FIFA U-17 World Cup: India’s Mission XI Million legacy project just a hogwashSeptember 9, 2017
With India hosting the 2017 FIFA U-17 World Cup from October 6-28, Indian football authorities earlier this year launched a legacy program for the country’s first ever major FIFA tournament. Titled Mission XI Million (MXIM), the project was launched with much fanfare by the-then sports minister of India Vijay Goel, in the presence of All India Football Federation president Praful Patel, in New Delhi on February 10.
The aim of the program was to reach a total of 11 million boys and girls across the country for promotion of football by September 6, 2017. Very much like Indian football and its administrators, the project has anything but met its goal.
FIFA president Gianni Infantino believed that the legacy project is ‘laying the foundation for a true revolution’ in Indian football. The world body chief will not be happy to read what really transpired.
The target figure of 11 million kids for the project could be reached as early as Friday, according to Joy Bhattacharjya, who is the project director of the Local Organising Committee (LOC) for the U-17 World Cup. AIFF general secretary Kushal Das said that by the first week of October, a few more million kids will have been added to the program.
However, Hindustan Times found these claims to be far from accurate.
As per figures provided by the LOC, “close to 1 lakh 50 thousand children have been reached in Delhi itself, not counting the NCR regions”. LOC officials also provided HT a list of schools in Delhi/NCR along with the number of students reached from each school.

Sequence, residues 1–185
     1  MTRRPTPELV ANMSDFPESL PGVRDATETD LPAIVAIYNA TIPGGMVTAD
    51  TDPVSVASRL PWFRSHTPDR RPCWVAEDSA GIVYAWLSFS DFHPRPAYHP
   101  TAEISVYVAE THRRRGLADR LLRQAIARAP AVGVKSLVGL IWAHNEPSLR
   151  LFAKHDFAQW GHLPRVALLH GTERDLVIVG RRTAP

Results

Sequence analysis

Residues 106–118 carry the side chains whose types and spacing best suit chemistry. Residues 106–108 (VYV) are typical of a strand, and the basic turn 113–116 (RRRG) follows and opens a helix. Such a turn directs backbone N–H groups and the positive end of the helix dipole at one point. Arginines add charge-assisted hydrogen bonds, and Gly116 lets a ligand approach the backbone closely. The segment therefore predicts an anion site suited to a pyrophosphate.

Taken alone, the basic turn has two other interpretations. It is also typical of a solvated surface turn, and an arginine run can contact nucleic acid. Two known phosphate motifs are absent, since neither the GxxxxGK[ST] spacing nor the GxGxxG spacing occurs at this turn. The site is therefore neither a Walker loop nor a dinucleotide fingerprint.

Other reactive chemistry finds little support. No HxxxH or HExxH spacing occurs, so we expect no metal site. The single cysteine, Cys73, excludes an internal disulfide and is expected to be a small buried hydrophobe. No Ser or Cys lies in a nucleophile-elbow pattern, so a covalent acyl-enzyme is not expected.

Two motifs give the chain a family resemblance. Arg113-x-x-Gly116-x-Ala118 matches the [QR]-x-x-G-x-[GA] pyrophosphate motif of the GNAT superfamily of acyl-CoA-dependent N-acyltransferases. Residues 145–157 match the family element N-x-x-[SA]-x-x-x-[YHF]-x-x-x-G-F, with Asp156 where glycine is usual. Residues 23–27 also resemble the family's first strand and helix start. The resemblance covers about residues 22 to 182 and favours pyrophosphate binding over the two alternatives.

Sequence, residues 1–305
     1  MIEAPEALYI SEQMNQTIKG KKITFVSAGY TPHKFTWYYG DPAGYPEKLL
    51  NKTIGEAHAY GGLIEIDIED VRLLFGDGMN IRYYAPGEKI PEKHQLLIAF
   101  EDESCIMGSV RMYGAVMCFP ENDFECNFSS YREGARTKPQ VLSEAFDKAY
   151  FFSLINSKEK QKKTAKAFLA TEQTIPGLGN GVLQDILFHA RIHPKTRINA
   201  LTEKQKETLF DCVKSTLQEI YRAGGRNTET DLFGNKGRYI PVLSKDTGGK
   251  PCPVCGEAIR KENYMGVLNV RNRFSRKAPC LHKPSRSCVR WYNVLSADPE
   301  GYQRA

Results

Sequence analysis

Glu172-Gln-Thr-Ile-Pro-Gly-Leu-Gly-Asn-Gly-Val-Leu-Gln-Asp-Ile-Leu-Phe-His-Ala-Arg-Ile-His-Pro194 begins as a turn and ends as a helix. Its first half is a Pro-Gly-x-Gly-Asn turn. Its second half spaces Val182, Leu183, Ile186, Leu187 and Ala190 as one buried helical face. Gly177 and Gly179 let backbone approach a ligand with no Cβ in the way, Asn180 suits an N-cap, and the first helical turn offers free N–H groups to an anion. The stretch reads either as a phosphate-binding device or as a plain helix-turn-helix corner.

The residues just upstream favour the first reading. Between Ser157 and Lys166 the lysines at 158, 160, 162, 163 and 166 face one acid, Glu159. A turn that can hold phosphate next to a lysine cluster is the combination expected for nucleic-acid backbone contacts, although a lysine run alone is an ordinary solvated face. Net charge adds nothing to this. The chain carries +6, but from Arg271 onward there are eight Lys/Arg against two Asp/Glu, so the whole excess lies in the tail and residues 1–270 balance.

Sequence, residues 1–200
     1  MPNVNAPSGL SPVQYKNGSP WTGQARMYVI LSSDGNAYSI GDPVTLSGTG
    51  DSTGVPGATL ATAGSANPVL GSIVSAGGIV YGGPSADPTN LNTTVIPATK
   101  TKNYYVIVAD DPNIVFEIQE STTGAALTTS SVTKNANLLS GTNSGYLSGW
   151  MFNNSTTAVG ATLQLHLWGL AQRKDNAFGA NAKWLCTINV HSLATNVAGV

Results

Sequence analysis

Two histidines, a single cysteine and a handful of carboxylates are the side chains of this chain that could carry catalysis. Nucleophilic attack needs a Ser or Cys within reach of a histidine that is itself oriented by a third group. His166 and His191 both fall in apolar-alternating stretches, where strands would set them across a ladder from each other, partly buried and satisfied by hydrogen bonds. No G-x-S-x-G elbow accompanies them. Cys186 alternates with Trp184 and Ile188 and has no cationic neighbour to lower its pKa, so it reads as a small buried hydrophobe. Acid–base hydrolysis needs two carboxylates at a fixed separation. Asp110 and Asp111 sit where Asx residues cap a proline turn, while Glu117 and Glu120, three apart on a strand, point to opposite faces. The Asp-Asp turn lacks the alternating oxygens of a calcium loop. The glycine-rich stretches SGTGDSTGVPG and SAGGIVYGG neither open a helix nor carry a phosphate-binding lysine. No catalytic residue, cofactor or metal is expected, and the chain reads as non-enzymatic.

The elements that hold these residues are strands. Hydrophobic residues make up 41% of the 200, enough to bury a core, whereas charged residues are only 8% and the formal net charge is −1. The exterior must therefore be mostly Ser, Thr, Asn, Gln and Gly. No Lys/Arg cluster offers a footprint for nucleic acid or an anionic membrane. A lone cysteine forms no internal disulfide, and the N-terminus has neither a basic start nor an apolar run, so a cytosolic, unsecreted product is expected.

These numbers, however, are highly misleading. For instance, as per the LOC’s claims 4,650 students have been reached from the four schools under the Kerala Educational Society in Delhi.
HT visited the institution’s branch located at Canning Road, which has 1,400 students. The school has no playground, and has sub-standard facilities for sports. The only teacher from the school, who had attended an MXIM workshop, was asked to fill in details about the school, including its total strength. He had been given a football at the event, the only equipment the school has received so far.
A few students from the school’s third and fourth standards had attended an MXIM football festival at the city’s Major Dhyan Chand Stadium, but neither did any official visit the school, nor was the school aware of 4,650 students being part of the program. The institution has close to 6,000 students from Classes 1-12 across the four branches in Delhi.
HT noticed that a similar pattern was followed when it came to the number of students being included in the project.
On August 20, over 20 physical education teachers attended a workshop at Kendriya Vidyalaya (KV), Delhi Cantonment. Teachers who took part in the event were asked to fill forms where they were asked to mention the total strength of their schools. On average, each KV school has an average of 1000-1500 students in Delhi.
HT visited KV, Pragati Vihar, which has a total strength of around 1,200 students. As per LOC’s claims, 1,200 students have been reached from the school. Ground realities, however, turned out to be completely different.
A teacher from the school had attended the workshop, but school authorities weren’t aware of 1,200 of its students being covered under the MXIM program.